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Stories about your favorite retired racehorses. For archived stories, click here.

He was a modest Florida-bred and $28,000 RNA at the OBS October Mixed Sale as a weanling in 2008. Ten months later, he sold as a yearling for $1,000, the ticket signed by Rey de Oros – Jose L. Ramirez. The colt’s first start came in the 2010 Saratoga Special-G2. He won back-to-back renewals of Gulfstream Park’s Florida Sunshine Millions Turf Stakes, ran – and won – on the flat and over jumps before retiring at age 11 with more than $500,000 earned.
 
The story of Manchurian High is a book full of interesting chapters, and no one is better equipped to tell it than Forrest Kelly, who owns the 14-year-old gelding with his wife, Lia.
 
“He’s one of the most opinionated horses,” Kelly said. “Everything has to be his way. The personality on him is incredible.”
 
Greg Norman bred the chestnut son of The Daddy, winner of the 2005 Super Derby. Norman owned the stallion and the mare, the unraced Corredor’s Wind, by El Corredor. Manchurian High was foaled on March 18, 2008. He and his dam were based at the Florida farm of trainer Jena Antonucci after the OBS sale when Will Phipps was shopping for prospects for Bluegrass Empire Stables. Antonucci mentioned she had some youngsters on her farm, and Phipps went to check them out.
 
“I loved him immediately,” Phipps said. “We bought both him and his dam.”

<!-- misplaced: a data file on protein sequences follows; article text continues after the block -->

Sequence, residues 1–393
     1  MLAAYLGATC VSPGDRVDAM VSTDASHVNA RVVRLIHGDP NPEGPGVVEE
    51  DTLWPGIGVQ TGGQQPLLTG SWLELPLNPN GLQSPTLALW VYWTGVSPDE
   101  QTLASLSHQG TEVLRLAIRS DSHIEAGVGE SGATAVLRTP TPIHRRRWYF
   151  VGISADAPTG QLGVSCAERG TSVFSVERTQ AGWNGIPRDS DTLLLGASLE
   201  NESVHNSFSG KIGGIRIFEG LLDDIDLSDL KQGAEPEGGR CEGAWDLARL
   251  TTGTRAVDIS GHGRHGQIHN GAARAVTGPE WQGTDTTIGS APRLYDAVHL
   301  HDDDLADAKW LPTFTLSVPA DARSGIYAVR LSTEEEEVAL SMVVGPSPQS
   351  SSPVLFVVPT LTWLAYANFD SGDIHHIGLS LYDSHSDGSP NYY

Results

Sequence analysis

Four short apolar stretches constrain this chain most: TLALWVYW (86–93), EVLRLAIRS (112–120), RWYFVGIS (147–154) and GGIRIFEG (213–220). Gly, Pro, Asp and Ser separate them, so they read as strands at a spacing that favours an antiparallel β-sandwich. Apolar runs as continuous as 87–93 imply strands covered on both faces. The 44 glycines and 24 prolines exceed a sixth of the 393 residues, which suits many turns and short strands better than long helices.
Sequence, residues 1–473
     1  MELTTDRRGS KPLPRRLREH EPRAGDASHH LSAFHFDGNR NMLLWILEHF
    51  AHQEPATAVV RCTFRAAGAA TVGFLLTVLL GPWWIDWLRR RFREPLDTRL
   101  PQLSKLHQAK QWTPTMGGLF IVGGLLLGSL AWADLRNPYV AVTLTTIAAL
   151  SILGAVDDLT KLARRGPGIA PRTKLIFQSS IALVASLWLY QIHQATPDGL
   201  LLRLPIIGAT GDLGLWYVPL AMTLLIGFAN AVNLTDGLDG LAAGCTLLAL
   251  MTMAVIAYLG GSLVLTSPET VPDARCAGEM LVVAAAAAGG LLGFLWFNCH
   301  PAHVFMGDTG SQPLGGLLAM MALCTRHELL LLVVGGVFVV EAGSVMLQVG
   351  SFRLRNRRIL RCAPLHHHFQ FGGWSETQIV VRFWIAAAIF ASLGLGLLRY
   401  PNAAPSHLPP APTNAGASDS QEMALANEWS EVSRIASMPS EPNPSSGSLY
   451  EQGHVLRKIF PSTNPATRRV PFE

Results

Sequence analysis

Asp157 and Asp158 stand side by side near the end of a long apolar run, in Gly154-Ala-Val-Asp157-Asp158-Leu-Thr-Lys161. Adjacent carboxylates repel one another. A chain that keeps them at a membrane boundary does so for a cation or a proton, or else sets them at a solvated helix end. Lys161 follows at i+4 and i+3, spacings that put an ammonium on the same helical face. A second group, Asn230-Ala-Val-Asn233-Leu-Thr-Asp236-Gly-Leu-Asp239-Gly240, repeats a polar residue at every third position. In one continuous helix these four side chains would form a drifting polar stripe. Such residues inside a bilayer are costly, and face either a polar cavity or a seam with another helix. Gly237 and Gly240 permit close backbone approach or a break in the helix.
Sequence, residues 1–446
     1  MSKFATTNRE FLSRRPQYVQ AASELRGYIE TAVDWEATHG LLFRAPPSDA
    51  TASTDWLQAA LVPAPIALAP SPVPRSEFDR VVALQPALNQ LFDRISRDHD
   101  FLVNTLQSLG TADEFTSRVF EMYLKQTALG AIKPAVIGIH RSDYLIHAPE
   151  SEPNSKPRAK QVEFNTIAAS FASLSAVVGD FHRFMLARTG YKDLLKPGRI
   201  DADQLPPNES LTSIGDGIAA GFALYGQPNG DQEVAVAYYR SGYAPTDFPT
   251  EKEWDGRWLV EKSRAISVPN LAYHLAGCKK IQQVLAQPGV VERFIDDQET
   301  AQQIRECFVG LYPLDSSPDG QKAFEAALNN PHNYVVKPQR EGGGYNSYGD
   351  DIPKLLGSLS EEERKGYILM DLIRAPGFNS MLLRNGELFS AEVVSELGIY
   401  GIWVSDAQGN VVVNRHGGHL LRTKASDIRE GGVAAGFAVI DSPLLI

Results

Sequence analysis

The new trainer and owner thought enough of 2-year-old Manchurian High to point him toward a Saratoga debut. When the 2010 Saratoga Special-G2 came up light, the connections chose it for the colt’s first race. Phipps called it “a logical gamble.” Manchurian High finished third in a four-horse field, earning a graded placing in his debut and making Corredor’s Wind a stakes producer. 
 
Manchurian High broke his maiden for Phipps and company that December, and remained in their barn until he was claimed for $30,000 by J.B. Secor and No Palla Stables at Colonial Downs in June 2011. Manchurian High won that race and headed to Secor’s farm in Monkton, Md. There he caught the attention of Lilli Kurtinecz, then working with Secor.
 
“Lilli and I are old friends,” Kelly said. “She went down to Florida with Manchurian High for J.B., and she really loved the horse. She spent a lot of time with him and wanted to buy him. J.B. and the owners offered him to her for $20,000, so she borrowed the money from her parents. And that horse ended up paying her way all across the country.”
 
After winning twice for Secor, Manchurian High made his first start for Kurtinecz at Pimlico May 30, 2014, winning three-other-than optional claimer over tough turf veteran Talk Show Man. Manchurian High spent the rest of that year on the road. He finished ninth behind eventual Eclipse Award winner Main Sequence in the United Nations-G1 at Monmouth Park, was third in a photo in Saratoga’s John’s Call Stakes and was second in a starter allowance at the Spa.
 
Back in Maryland that September, Kurtinecz entered him in the Laurel Turf Cup. As the race approached, the trainer felt a bit apprehensive.
 
“The deal was always when he got sick of the flat track, he came back to me at the farm,” Kelly said. “The morning of the Laurel Turf Cup, we went for a jog and I told Lilli to jump him over some oxers I had set up. I showed her the video and she said, ‘Oh my God, he looks so good!’ I said, ‘Yeah, let’s go.’ I hauled him down to Laurel for her and told her to go do something else for a while. We didn’t see her again until the paddock. And then he goes and wins it.”